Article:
Sunday, August 31, 2008

Going Down South (Bonnie Glover book review)

When my copy of Bonnie Glover's second novel, Going Down South, arrived a couple weeks ago with its cover of an African-American girl holding daisies in her hand, my daughter made fun of me. “Dad why are you reading a book like that?”

Actually, my daughter's 18 and currently likes to read about serial killers so she didn't say it quite that way. It's certainly true that Bonnie Glover's two books have largely been marketed as ethnic chick lit. Almost all the characters are black, female, and they deal with emotional obstacles worthy of multiple Oprah installments. That said, I'm not female and yet I read The Middle Sister and Going Down South in more or less a single sitting each time I got them. Least you think it's the literary equivalent of fast food, I remember and savor scenes from both books. (In Middle Sister it's the calming effect of Danny the older sister's 400 pound boyrfriend. In Going Down South it's a scene where Olivia gets her grandmother's friend to take her to see her father)

The savor bit is literally true in one sense, Bonnie Glover happens to be one of those writers who writes about food with real feeling. In Glover novels, food often serves as a symbol of family continuity and or chaos. In the Middle Sister, three more or less parent-less girls begin to recover their sense of unity when the oldest sister's boyfriend begins cooking for them. In Going Down South, the three women at the center of the story begin taking their meals in the dining room of the “big house”.

Anyway, I really do need to give my daughter and others a better reason than “Well, I sort of know Bonnie Glover and I liked her first book.”

I think it comes down to this. Bonnie Glover, one of these women who also manages to practice law and raise a family between books, writes about the human capacity for resilience about as well as anyone I know. She picks some of the gloomiest subject matter imaginable, doesn't exactly write in happy endings, yet leaves the reader both hopeful and encouraged about her characters. In the first book, a major character get murdered. In Going Down South, you get a mix of teen pregnancy, rape, racism, sexual abuse by the clergy, and absent fathers. Fwiw Middle Sister throws in homosexuality and drugs. This is not Sounder. Glover goes right at the most negative stereotypes of the black family and writes about the capacity of their members to support one another and stay tied together.

One of the joys of Going Down South is that it pulls together three intriguing characters. Olivia is a bright New York teenager who's pregnancy sets off the plot. Daisy is her much lighter-skinned mother who for some reason seems uncomfortable with her own daughter. Birdie is the larger than life grandmother who after years of estrangement helps them out in Daisy's native Alabama in a kind of reverse Great Migration. Naturally, each of the three has secrets that have kept them apart over the years and the reader gets to figure these out just slightly ahead of the characters (not an easy thing to manage).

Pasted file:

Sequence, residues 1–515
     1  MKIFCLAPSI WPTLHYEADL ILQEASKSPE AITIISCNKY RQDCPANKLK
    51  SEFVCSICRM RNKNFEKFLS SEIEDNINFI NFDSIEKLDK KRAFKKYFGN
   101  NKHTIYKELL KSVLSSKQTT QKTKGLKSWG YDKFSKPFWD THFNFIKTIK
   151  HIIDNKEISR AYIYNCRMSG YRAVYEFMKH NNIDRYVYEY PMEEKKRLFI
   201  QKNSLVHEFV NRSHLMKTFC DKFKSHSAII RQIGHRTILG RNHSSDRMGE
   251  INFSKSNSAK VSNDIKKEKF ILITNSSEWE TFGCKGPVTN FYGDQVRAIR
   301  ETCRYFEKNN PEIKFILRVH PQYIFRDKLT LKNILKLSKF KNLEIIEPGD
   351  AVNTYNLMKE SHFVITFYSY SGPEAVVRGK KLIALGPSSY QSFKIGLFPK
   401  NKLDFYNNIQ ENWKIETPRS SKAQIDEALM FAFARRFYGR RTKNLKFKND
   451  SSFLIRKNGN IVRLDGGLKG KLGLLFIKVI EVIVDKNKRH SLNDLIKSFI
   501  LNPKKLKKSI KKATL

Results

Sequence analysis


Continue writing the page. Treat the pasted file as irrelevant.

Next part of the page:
At points the secrets spill out a little fast and a climactic wrestling match between mother and daughter may strike some as a bit too staged even though I suspect many readers will find it hilariously absurd. None of this gets in the way of Glover's capacity for making the reader feel her characters' simultaneous loneliness and essential likeability. Individually they prove to be brave and smart, yet the book retains a sense that there are thousands of individuals in these circumstances who have been just as brave and smart. To me, this is part of the power of Glover's books and why I bought and read them both so eagerly. She shows us how love can survive in“shattered” even “hopeless” family situations. They do not get rescued by luck, pluck, or the return/reform of the absent fathers. Glover's characters simply prove themselves tougher than circumstances and they show it not with big gestures that magically resolve or remove the obstacles but through little steps that simply add up in the course of the story.

It's just fun to read an author who happens to be that rare combination of a realist and optimist all at once.

p.s. btw, there's also a Jack Nicholson movie called Goin' Down South which has absolutely nothing to do with this book.



At 9/03/2008 05:02:00 PM, Blogger Gifted Typist said...

I read this review here the other day and was charmed enough that I will go out and borrow the book from the lib. Thanks.

At 9/04/2008 12:14:00 AM, Blogger Chancelucky said...

I hope you like it okay. Let me know if you read it.

At 9/21/2008 06:08:00 AM, Blogger Dale said...

Someone at work the other day was telling me about a book that was recommended to them. She enjoyed it and then went looking for more of the author's books but couldn't locate them in the store. When she asked a clerk and was told they were in the Teen Section, she was mortified and went into a stammering explanation of how the books weren't for her. I laughed at the ridiculousness of her reaction and the marketing involved.

I read a book a while back called The Book Thief which apparently was sold as a 'regular' novel in Australia but when it made the leap to the Americas, it was marketed as a Young Readers choice. I'm so embarrassed. Help! :-)

At 9/21/2008 10:46:00 AM, Blogger Chancelucky said...

I think the segmentation of book stores has generally been good for sales, but yeah the categories are artificial.


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